If we are not careful we will squander our most fertile time to invent, improve and inspire. That time lost can never be recovered. Not even with LoJack.

The world needs more great ideas. So do businesses, communities, schools and households. Great ideas are born in the quiet spaces in between. Those spaces that are now being filled in with screen time.

Key Takeaway

Starting today, take back some of your thinking time. While you are waiting for something to start, or something to end, or someone to show up, keep your smart phone in your pocket or purse. Instead, let your mind go wherever it wants. If you give it enough time it is sure to arrive somewhere exciting and new. Once it does, pull out your phone and tell me all about it.

*If you know someone who could benefit from more free time and less screen time, please consider sharing this post.

Focus more on the things you love.

My business plays in a fun sandbox. Brands across the United States and Canada come to my advertising and idea agency, The Weaponry, looking for smart new ideas. Our team of strategic and creative thinkers explore ideas that extend far beyond what most clients could create on their own. Clients love us because we reveal new possibilities. And because we do ridiculous things that make them laugh a lot in meetings.

Exploring the Possibilities

Clients often hire us to help them reimagine their brand. On a recent project our team presented our client with 40 new logo options to choose from. Yes, 40. We pride ourselves on offering a great range of thinking so that everyone can find something they like. You know, like a buffet. Or a boy band.

Once we concluded the share of new logos and opened the floor for discussion (ok, so the floor didn’t really open), I was surprised by the very first comments that followed. One of the clients said, “I REALLY don’t like option 9.” Then he spent several minutes elaborating on why he didn’t like option 9. After several others shared their favorites, this client spoke up again and said, ‘Did anyone else dislike option 9 as much as I did?’

The Weaponry Way

Let me let you in on one of The Weaponry’s secrets. The reason we show multiple ideas is because our clients might not like them all. I’m fine with that. My friends at Coca Cola sell a wide range of drink options so that we can all find something we like. I love Coke and Gold Peak Tea. I don’t focus on the fact that Diet Coke tastes like liquid bike tires.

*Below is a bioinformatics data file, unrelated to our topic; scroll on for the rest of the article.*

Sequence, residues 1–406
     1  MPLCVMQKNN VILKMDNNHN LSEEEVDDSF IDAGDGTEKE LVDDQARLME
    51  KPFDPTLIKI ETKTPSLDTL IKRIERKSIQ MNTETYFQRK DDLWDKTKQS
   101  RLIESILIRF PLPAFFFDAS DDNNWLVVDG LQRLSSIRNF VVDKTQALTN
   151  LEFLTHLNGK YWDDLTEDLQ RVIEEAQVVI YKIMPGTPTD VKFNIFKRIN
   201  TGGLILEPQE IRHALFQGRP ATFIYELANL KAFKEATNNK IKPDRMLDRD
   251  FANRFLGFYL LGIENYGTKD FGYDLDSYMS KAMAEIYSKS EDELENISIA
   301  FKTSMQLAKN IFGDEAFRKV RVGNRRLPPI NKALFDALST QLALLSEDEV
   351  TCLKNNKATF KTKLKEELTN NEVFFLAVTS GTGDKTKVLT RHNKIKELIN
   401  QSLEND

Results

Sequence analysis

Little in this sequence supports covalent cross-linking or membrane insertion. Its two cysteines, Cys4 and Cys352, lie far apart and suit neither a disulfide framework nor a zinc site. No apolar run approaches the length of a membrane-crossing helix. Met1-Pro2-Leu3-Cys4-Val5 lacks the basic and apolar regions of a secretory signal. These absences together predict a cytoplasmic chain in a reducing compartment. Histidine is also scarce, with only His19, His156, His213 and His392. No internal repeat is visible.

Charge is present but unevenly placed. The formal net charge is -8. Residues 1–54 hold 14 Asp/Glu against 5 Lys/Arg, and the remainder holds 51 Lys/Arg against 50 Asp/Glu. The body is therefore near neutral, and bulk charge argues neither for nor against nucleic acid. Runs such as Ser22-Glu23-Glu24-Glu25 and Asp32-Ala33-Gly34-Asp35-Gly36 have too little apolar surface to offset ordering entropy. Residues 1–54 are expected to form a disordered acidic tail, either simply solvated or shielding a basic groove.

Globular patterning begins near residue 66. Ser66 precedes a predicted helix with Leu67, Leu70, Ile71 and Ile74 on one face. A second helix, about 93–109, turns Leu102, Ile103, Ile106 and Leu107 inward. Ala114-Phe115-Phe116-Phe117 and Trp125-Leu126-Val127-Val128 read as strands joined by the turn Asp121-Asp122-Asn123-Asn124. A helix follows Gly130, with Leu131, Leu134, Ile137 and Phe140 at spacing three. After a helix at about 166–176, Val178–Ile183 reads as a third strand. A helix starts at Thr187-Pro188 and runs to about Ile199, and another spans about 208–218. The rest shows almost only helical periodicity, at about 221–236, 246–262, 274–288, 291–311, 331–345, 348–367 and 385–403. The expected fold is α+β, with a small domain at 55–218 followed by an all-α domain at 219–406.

It is a waste of time to focus on the things that we don’t like. Or the things that don’t work. I think of the creative process like finding your way through a maze. Once you find yourself at a dead end, immediately turn around and start exploring another option. To stop and focus on that dead end, or worse, go back to the dead end to see it again, and think about how dead that end really is, is a waste of time.

Maximizing

A few years ago I did a Strength Finders analysis. The test concluded that I am a Maximizer. Which means I don’t spend any time focusing on what happened in the past, or what can’t be changed. I focus on the possibilities in front of me and how to make something good into something great. Which is a good construct to have when you are a professional creative. Or an entrepreneur. I help my team and my clients find ideas with a lot of potential, then bring out the maximum potential in each of them.

The Take Away

Focus on the things you love most. Spend your time looking for the solutions, the answers, the wows. The beautiful building, the kind act, the smart idea, the great looking jacket, the blog post about focusing on the things you love (that you loved enough to like and share). When you see something that doesn’t work for you, move on. Focus on the great, the exciting possibilities, the things that make you happiest. You will find more good in the world. Let’s all let go of our own option #9. The other 31 options are better anyway.